ransomware, blackmail
Image by Kaptnali from Thinkstock.com

Two new reports about ransomware are drawing attention, one because it is alarming to owners of Android smart phones running older versions of the OS, the other because it explains why CryptoWall is so effective.

First, owners of Android devices who are still stuck on v. 4.x  because their carriers and/or handset manufacturers aren’t passing on updates have been warned about a new ransomware campaign that can lock up their devices if users aren’t careful.

“This is a new and troubling development for the Android OS,” Andrew Brandt, a researcher at Blue Coat who discovered the vulnerability, was quoted by ThreatPost as saying. “This ransomware thrives on outdated Android devices that are not patched and will likely never be.”

The ransomware, found so far on ads on porn sites, infects the default browser on certain versions of Android through a drive-by exploit, installing a weaponized version of the Towelroot jailbreaking utility. It exploits the CVE-2014-3153 Linux kernel vulnerability.

Towelroot suppresses the normal pop-up permissions window on Android that appears when you install programs from Google Play, the story notes, so the install is in the background. Then non-crypto ransomware called Cyber.Police is installed. While files aren’t encrypted, the malware locks the device until the ransom is paid.

If the device is infected the only way to fix it is a factory reset, which destroys all data.

It’s another reminder to Android users that using Chrome or another mobile browser is better than the default one. It’s also a reminder that, hard as it is to be forced to buy a new device, if it’s running 4.x — and, according to Google. 56 per cent are — it’s time to get rid of it. When shopping demand a handset from a maker that has promised updates, and a carrier that will transmit them.

Meanwhile Imperva has released a report looking at the money trail behind one of the most successful strains of ransomware, CryptoWall 3.0. Although version 4.0 is out there,  Imperva believes its collection system. In short, the report argues that “peeling the layers behind the financial infrastructure of ransomware is achievable and such investigations could be a powerful tool if undertaken by the appropriate authorities. We believe one of the reasons ransomware is thriving is the lack of action from law enforcement agencies.”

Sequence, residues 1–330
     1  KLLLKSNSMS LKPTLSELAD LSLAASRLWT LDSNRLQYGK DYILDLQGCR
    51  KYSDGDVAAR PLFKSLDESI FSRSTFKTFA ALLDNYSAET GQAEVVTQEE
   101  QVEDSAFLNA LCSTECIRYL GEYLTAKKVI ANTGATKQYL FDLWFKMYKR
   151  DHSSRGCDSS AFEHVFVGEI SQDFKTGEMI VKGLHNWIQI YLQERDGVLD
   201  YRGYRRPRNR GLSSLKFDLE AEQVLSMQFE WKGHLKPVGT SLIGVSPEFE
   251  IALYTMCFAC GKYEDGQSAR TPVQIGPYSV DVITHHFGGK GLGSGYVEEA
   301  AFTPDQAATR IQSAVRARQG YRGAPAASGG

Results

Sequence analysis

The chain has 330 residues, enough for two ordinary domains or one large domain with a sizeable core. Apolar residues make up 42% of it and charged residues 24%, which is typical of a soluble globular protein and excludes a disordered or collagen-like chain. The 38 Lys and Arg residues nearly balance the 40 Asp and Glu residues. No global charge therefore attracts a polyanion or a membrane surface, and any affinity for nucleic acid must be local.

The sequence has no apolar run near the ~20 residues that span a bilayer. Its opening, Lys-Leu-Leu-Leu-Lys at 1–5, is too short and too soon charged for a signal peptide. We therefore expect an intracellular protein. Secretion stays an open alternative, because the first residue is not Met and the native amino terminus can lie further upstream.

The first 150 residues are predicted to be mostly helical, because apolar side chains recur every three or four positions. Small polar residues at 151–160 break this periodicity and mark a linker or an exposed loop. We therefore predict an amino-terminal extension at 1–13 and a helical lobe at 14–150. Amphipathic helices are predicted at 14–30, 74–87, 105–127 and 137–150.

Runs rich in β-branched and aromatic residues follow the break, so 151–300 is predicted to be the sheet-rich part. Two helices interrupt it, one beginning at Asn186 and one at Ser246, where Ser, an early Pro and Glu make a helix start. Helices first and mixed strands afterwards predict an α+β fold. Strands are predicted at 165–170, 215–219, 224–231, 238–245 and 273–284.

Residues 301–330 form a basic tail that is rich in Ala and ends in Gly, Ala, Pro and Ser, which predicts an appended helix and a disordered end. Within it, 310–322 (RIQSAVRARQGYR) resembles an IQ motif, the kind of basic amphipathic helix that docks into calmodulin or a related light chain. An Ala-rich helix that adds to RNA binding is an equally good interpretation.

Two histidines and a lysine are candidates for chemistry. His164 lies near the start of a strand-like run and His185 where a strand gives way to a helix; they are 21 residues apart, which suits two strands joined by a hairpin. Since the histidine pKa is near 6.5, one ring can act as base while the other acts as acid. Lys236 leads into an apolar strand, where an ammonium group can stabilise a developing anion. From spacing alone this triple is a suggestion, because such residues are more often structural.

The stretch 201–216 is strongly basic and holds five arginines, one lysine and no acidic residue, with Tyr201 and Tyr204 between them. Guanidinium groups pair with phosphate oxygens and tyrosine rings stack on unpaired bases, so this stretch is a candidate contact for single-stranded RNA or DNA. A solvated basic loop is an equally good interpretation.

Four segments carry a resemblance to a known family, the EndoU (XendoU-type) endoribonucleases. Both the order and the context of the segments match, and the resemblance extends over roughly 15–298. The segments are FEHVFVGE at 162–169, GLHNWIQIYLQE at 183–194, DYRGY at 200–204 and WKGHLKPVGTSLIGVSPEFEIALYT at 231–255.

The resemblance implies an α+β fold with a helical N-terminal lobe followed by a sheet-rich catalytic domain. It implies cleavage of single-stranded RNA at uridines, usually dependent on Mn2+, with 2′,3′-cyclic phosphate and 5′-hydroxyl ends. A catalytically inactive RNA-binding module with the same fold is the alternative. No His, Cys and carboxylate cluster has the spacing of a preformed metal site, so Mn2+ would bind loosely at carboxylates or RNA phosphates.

Despite using a number of techniques to maintain anonymity, including using Google Drive to deliver the ransomware, using TOR and many layers of Bitcoin transactions,  Imperva shows quite a lot of information could be gathered through a Bitcoin (BTC) address provided within the ransom instructions. “We followed the Bitcoin transactions passing through the attacker’s wallet and finally disclosed an extensive infrastructure of Bitcoin wallets where the operators are profiting hand over fist serving numerous samples of CryptoWall ransomware.”

While Imperva admits CISOs may have difficulty stopping ransomware from infecting endpoints, they can do something to prevent it from infecting a file share. A few simple monitoring rules on a file share can prevent this malware from encrypting your data, says the vendor: First, look for the “HELP_DECRYPT” files—every read, write, or access action on this file discloses the infection. Second, look for temporary files that are being created and deleted cyclically from a certain computer. One or two is reasonable, but more than that requires immediate intervention.

These steps could be automated, the company adds, using a file activity monitoring product.



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